The vegetation cover values ​​were inserted on ordinate axis of a graph, time elapsed since mine revegetation works was inserted on abscissa axis, and regression models were tested using Origin 9 Pro® software. Responses to the treatments given to the study areas were adjusted to regression equations ( Corrêa et al., 2008 ). Maximum values of vegetation cover on each area were obtained from functions described by regressions. The relation between substrate fertility ( Table 1 ) and maximum vegetation cover was also tested by regressions.

Fertility parameters of revegetated substrates ( Table 1 ) were normalized ( Equation 1 ), standardized ( Equation 2 ) ( Legendre & Legendre, 1998 ), and submitted to Principal Component Analysis in Origin 9 Pro® software as follow:

Yi=log(Yi+1) (1)
Zi=(YiY¯)/sy (2)

where

Zi is the z-score (dimensionless variable);

Ȳ’ is the variable normalized mean;

sy’ is the variable standard deviation for the normalized mean

3. RESULTS

After 44 years of natural regeneration, plants that recruited on the exploited mine in the Brasilia National Park (A1) covered 35% of its surface. Vegetation cover development followed a linear model during the evaluated period, with 0.8% cover increase a year ( Table 1 ; Figure 1 ). The employed revegetation approaches (A2, A3, A4, and A5) significantly increased the establishment of plants on mines, and the temporal development of vegetation cover evolved from linear regeneration model to exponential models over a decade ( Figure 1 ).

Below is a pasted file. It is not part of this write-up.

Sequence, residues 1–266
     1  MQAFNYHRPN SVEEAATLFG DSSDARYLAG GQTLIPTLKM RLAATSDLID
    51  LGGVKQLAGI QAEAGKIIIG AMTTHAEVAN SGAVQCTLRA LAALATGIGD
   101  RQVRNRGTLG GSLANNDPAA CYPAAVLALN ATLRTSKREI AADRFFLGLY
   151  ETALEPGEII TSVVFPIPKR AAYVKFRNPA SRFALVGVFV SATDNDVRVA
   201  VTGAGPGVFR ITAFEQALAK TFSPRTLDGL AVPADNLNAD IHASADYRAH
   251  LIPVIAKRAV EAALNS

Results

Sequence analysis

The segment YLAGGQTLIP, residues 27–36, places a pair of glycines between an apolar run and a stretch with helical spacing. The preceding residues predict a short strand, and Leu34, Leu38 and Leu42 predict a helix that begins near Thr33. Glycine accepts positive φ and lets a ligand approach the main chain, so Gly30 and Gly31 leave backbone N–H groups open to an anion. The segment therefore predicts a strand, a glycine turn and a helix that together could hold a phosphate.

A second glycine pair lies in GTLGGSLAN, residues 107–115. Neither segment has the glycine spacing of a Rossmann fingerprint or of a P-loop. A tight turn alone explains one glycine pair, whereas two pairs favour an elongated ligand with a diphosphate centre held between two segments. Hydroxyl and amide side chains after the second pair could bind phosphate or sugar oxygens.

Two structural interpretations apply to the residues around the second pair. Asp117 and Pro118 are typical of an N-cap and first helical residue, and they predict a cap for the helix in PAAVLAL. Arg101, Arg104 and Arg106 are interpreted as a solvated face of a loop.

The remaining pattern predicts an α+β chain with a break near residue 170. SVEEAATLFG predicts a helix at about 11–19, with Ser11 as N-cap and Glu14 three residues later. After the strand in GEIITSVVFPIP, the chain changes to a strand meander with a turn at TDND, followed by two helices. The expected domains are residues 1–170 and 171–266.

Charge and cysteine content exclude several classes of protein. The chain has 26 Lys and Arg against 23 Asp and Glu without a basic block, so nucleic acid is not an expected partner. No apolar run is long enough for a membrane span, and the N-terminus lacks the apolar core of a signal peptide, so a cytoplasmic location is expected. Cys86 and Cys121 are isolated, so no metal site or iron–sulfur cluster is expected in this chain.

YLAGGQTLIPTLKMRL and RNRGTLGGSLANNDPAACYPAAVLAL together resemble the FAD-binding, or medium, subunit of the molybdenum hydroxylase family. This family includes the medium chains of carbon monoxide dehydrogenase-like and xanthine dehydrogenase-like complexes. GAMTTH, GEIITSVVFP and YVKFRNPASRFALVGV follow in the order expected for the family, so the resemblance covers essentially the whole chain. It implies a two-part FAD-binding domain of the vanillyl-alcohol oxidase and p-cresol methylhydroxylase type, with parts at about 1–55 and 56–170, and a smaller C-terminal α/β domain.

Figure 1 Vegetation cover development on the study mines as a function of revegetation approach and time.  

Vegetation cover development and maximum percentage of surface covered by plants varied according to the revegetation approach applied to the mines. Topsoil spread on exposed surfaces + tree plantation (A4) provided the highest percentage of vegetation cover among the evaluated treatments, reaching 95% in seven years. The incorporation of sewage sludge into mining substrates (A5) provided the fastest vegetation development, stabilizing in 80 - 90% cover within 2 to 4 years. Similarly, the cultivation of an herbaceous layer among trees (A3) provided a rapid vegetation cover on mines in the first two years of plant development. However, this coverage stabilized at 80% after a decade of plant development. The exclusive use of trees as restoration technique (A2) resulted in 65% of vegetation coverage after ten years of plant development.